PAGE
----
Uzbek authorities worked to block versions of events that contradict what the authorities wanted people to see, and state media worked to teach Uzbekistan’s people about the dangers of outside ideas. On February 20, the Uzbek radio program Voqiflik (Awareness) dedicated a segment to religious extremism, warning that “the nature of some alien ideas, which do not suit our national ideology…are aimed against a person’s character.” On September 17, Voqiflik warned that alien ideas could enter the country through mass media. Saidmurod Mamashokirov, introduced as a doctor of philosophy and guest on the program, said, “A case in point are TV serials. I think that these serials, by some hidden methods and means, promote the traditions of those countries [where these serials are produced].” That same day, the Uzbek newspaper Hurriyat had these words of advice for aspiring journalists in Uzbekistan: “Young journalists who speak foreign languages must not limit themselves to doing translations, but they should write analytical commentaries on facts in our country and should fight inaccurate reports [about Uzbekistan].” “People defend our country by means of weapons or laws,” the Hurriyat article continued, “and we, journalists, should protect it by using the power of media.”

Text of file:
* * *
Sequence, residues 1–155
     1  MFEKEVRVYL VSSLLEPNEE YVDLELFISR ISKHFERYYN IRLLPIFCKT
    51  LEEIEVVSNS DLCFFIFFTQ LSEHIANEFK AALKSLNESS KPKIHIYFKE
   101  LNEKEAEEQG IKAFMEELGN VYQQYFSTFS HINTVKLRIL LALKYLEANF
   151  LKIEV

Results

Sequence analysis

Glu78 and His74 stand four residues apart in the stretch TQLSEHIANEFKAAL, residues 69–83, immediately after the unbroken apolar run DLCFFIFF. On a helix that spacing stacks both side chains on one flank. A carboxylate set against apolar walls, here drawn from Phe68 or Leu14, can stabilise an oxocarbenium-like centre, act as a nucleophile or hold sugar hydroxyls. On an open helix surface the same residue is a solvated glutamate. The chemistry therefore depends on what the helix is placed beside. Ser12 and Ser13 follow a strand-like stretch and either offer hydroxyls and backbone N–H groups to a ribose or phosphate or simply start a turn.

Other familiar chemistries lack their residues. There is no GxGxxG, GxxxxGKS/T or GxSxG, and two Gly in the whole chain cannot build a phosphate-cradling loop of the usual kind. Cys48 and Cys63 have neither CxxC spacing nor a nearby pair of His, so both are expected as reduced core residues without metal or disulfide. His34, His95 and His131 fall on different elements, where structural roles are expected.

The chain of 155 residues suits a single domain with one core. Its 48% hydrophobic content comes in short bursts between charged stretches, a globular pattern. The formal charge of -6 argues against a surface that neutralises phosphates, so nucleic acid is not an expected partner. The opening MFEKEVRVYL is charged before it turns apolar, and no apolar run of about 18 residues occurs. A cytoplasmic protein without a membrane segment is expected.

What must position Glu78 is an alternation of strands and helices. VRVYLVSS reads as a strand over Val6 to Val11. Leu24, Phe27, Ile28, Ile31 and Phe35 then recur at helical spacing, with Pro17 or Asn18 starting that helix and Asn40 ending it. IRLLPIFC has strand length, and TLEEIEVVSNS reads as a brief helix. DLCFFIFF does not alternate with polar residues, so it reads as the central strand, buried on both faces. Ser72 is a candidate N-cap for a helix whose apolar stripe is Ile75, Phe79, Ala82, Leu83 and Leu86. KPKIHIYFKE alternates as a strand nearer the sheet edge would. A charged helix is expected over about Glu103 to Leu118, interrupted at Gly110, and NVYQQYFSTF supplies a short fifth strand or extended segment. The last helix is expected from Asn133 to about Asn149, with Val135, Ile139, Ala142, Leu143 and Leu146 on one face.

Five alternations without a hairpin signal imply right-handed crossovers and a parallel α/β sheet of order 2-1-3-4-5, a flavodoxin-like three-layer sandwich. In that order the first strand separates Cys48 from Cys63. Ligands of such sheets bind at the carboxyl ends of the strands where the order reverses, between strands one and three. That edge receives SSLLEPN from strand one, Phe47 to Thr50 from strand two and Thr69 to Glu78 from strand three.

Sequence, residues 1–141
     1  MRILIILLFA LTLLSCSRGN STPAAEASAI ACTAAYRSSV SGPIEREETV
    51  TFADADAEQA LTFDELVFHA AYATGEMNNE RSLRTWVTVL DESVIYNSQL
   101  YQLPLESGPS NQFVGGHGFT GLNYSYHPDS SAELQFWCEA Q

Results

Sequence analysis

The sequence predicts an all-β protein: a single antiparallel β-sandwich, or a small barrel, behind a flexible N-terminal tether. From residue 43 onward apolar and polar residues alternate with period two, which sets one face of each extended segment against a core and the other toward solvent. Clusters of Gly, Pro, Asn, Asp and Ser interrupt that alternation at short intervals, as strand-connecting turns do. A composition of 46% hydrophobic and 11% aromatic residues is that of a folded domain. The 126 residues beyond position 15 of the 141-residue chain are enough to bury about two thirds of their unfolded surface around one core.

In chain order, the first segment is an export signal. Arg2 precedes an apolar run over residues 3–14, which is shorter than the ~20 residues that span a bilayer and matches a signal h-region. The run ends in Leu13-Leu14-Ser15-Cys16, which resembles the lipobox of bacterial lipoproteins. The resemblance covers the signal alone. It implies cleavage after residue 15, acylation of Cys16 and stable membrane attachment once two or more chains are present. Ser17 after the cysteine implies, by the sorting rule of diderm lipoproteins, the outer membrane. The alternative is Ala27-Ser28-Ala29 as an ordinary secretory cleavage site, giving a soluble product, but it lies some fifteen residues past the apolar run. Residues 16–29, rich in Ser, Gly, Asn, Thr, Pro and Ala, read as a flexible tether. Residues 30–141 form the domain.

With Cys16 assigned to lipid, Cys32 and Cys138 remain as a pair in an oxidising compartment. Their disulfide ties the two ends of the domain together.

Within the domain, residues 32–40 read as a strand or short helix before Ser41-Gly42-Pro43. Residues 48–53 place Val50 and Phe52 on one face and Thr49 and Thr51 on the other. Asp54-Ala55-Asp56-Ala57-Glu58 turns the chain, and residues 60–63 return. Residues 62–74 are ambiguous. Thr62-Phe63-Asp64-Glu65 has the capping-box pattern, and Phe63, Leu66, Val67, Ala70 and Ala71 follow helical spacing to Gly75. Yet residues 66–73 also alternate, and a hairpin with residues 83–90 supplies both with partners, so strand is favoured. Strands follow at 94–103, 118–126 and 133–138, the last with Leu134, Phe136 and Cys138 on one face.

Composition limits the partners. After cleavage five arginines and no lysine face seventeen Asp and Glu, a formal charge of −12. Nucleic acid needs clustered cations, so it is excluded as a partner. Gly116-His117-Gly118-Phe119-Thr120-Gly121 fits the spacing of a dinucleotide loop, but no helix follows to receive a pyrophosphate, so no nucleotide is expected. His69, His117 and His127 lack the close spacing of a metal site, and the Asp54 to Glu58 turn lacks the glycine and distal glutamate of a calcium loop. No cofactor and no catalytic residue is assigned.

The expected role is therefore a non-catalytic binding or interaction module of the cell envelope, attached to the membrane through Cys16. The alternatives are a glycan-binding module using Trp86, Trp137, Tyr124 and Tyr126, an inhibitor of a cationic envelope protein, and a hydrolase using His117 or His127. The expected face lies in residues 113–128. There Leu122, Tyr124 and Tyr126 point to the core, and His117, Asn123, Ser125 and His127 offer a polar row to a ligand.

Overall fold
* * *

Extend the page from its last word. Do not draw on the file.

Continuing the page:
One case involving independent media haunted the Uzbek government during 2008. The murder of young independent journalist, Alisher Saipov in late October 2007 continued to be laid on the doorstep of the Uzbek government. Since Saipov’s death, many of his friends, colleagues, and some international organizations have blamed Uzbek authorities for arranging his murder in Osh, Kyrgyzstan, just across the border from Uzbekistan. Saipov was an outspoken critic of the Uzbek government and on good terms with a range of Uzbek opposition figures.
In February 2008, the Brussels-based International Crisis Group (ICG) issued a release about the Saipov murder titled “Political Murder in Central Asia: No Time to End Uzbekistan’s Isolation.” ICG media and information director Andrew Stroehlein said, “Though Uzbekistan denies any involvement in the killing, there are strong circumstantial and other indications as to its possible motives.”
The government in Tashkent selects all regional and local officials. Residents of provinces, districts, cities, towns, and villages have no say about the selection of these officials. Local and regional officials are selected on the basis of their perceived allegiance to and ability to carry out orders from the central government.